Contractor Guide to National Insurance Changes
The government has increased the national insurance (NI) rate, effective 5th April 2022. This increase affects the amount that employers and employees pay. The following frequently asked questions will help you ensure you know how much you will need to pay.
Why is national insurance increasing?
National insurance has been increased by the government as a precursor to the introduction in April 2023 of a Health & Social Care Levy (HSCL) which will aim to raise additional funds for the NHS in the wake of the pandemic. Once HSCL is introduced, it will replace the national insurance increase and both charges will be shown on payslips. Increases have been applied to both employers and employees, with employers paying 15.05%, up from 13.8% and employees paying either 13.25% or 3.25%, depending on their income, up from 12% and 2% respectively.
How are national insurance contributions decided?
National insurance rates are dependent on different “classes” and bands. Classes denote how you are paid (e.g. employee or self-employed) and the bands are the income levels ranges you fall into. As part of the current changes, in July 2022, the primary threshold for Class 1 (annual salary level after which national insurance must be paid) will be increasing from £9,880 to £12,570.
I am a fully employed, permanent employee, how much will I have to pay?
If you are employed directly by your employer in a permanent role on PAYE you will pay an increase in national insurance contributions dependent on your salary level. This will be deducted at source as it is now, and for most people will be an additional 1.25%on everything above the primary threshold.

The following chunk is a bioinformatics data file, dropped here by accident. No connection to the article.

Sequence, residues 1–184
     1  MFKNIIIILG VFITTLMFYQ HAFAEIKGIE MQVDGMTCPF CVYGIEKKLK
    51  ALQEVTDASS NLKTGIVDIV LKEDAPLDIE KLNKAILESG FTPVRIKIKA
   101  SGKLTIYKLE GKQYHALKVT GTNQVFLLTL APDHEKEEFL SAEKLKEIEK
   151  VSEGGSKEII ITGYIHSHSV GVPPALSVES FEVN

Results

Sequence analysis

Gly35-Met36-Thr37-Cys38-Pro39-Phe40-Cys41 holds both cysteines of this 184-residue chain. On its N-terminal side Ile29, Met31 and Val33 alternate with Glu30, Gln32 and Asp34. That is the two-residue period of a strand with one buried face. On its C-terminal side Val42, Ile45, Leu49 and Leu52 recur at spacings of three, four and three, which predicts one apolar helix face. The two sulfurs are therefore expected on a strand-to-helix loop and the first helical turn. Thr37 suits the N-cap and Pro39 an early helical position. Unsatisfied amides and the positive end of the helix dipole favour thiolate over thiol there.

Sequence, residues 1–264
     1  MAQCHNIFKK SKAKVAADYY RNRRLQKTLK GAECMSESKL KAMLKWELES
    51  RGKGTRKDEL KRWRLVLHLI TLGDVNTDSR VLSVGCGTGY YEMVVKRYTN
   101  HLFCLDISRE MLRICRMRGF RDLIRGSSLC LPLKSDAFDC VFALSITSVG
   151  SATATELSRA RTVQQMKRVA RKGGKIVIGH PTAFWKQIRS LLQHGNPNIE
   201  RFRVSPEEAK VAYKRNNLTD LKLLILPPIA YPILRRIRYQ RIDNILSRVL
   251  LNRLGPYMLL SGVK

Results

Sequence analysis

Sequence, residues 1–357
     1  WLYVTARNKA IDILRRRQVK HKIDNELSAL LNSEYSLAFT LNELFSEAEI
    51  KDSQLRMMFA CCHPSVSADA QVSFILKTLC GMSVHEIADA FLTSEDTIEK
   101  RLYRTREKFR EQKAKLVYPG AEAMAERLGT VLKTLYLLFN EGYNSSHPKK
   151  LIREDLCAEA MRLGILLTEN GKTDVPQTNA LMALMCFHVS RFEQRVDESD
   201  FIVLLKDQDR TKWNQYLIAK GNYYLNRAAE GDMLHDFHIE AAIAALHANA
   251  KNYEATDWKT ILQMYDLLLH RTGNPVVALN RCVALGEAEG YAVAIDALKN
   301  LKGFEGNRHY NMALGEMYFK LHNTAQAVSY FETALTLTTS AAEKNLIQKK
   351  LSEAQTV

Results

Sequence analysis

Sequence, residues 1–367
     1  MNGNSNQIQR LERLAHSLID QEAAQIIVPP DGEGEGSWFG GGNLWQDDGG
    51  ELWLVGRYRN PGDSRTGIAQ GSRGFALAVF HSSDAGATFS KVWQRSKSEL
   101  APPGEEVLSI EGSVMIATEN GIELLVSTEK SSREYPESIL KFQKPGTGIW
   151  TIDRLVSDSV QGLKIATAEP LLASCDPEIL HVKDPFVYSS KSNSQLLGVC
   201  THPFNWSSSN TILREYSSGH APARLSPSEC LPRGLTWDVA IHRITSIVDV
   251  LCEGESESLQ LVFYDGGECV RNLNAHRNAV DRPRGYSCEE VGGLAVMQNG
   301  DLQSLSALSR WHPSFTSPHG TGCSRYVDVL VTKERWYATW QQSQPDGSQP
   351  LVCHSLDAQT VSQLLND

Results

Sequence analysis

I am a contractor, how much will I have to pay?
How much you will pay as a contractor will depend on how you are paid. If you are PAYE through an agency, then your increase will be taken at source and shown on your payslip. As with all PAYE employees, next year, the national insurance rate will go back down, and the additional HSCL will be taken as well.
If you are paid via an umbrella company, then your umbrella provider will make the necessary calculations for you. You will need to speak with them to find out how much your contributions will increase by.
I am “Outside IR35” and pay myself through a limited company, will this affect me?
If you pay yourself dividends from a limited company you are fully liable for calculating and paying the increase yourself. The tax rates of dividends has increased by 1.25% (to 8.75%, 33.75% and 39.35%) and we recommend you seek independent financial advice if you have any concerns or queries.